Summary (So Far)

I messed around with electronics quite a bit as a kid. I’d put things together according to diagrams, and if they didn’t work, I’d change something and see what happened, and get a feeling for what was happening inside the black box. When I started doing audio electronics in earnest, I found the oscilloscope. Here’s…

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Seven

My favorite contemporary band is the Black Keys. I think Dan Auerbach is a harmonic genius. The video is funny. Dinosaur? What dinosaur? This song lives in the universe of 7. I just spent a half day taking apart the main riff and seeing how it works out on the lattice. It strictly uses a…

The Augmented Fourth

I’ve described eleven notes now, and each one has a piano key to go with it, an equal tempered equivalent. The one remaining black key has a lot of names. It’s the note between the 4 and 5, right in the middle of the octave — the tritone, devil’s interval, flatted fifth, augmented fourth. In…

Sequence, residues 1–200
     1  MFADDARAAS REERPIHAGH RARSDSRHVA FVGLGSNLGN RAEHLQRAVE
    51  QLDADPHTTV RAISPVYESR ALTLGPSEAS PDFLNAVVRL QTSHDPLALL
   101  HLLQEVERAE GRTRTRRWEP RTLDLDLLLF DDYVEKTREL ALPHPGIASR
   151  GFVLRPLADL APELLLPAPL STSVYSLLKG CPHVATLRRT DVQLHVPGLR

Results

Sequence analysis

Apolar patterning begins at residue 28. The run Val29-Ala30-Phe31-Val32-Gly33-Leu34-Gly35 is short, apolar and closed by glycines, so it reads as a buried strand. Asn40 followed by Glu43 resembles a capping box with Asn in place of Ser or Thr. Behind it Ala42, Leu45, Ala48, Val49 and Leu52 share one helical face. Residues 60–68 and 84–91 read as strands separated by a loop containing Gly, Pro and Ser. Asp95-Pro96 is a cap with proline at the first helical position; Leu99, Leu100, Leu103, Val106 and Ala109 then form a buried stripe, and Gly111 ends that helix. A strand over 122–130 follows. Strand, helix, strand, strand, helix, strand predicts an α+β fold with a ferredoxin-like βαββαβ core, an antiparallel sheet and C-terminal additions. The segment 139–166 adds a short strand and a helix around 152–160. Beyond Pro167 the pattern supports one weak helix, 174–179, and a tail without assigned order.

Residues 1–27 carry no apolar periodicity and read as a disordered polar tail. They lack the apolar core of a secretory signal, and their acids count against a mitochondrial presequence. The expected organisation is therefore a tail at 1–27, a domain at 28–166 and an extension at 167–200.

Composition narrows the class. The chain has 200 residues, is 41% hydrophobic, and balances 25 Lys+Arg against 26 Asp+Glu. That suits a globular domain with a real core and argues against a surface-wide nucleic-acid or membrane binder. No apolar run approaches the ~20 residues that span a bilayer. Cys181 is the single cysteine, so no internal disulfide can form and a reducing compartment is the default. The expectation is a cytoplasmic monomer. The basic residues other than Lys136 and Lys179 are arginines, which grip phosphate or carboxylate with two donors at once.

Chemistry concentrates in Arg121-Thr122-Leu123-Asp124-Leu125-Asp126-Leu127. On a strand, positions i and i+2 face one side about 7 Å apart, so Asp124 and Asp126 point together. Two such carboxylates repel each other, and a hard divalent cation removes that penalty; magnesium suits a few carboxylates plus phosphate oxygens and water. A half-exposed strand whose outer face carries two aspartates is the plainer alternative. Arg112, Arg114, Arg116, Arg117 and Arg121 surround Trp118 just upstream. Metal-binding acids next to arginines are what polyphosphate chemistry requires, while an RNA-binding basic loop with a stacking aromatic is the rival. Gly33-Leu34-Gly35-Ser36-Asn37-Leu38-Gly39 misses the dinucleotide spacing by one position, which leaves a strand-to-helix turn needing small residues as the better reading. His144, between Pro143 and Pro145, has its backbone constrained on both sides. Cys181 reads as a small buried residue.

The Minor Second

The last three notes (b6, b3 and b7) are related to each other. They all contain a reciprocal third. There is a family resemblance of sound and function. (They also all happen to be a little flat in equal temperament. On a guitar it’s a nice trick to bend them a little to sweeten them.)…

Untempered Vs. Tempered

I’ve been listening to yesterday’s chord progression showing off the b7. I think it offers an excellent opportunity to hear the difference between equal temperament and just intonation. Equal temperament works by implying or evoking a note rather than playing it exactly. There are dozens of singable notes per octave; ET represents them all with just…

The Minor Seventh

The farther we get from the center, the less consonant the notes are, when played against the tonic. Consonance is a whole subject. It’s generally spoken of as though it could be plotted on a scale, from consonance to dissonance. I think this is a big mistake. Consonance has more than one dimension. Trying to…

The Minor Third

Here’s an interesting and perhaps misunderstood note. It’s a compound move on the lattice: down a third and up a fifth. Or up a fifth and down a third, it doesn’t matter what order. So the ratio is 3/5, or 6/5, octave reduced. The note is the minor third. I call it b3. It lives a…

Reciprocal Thirds

There are four basic moves available on the lattice of fifths and thirds. They are: Up a fifth (x3) Down a fifth (÷3) Up a major third (x5) Down a major third (÷5) Each of these moves has its own harmonic flavor, and they can be combined to create new flavors. The major scale only…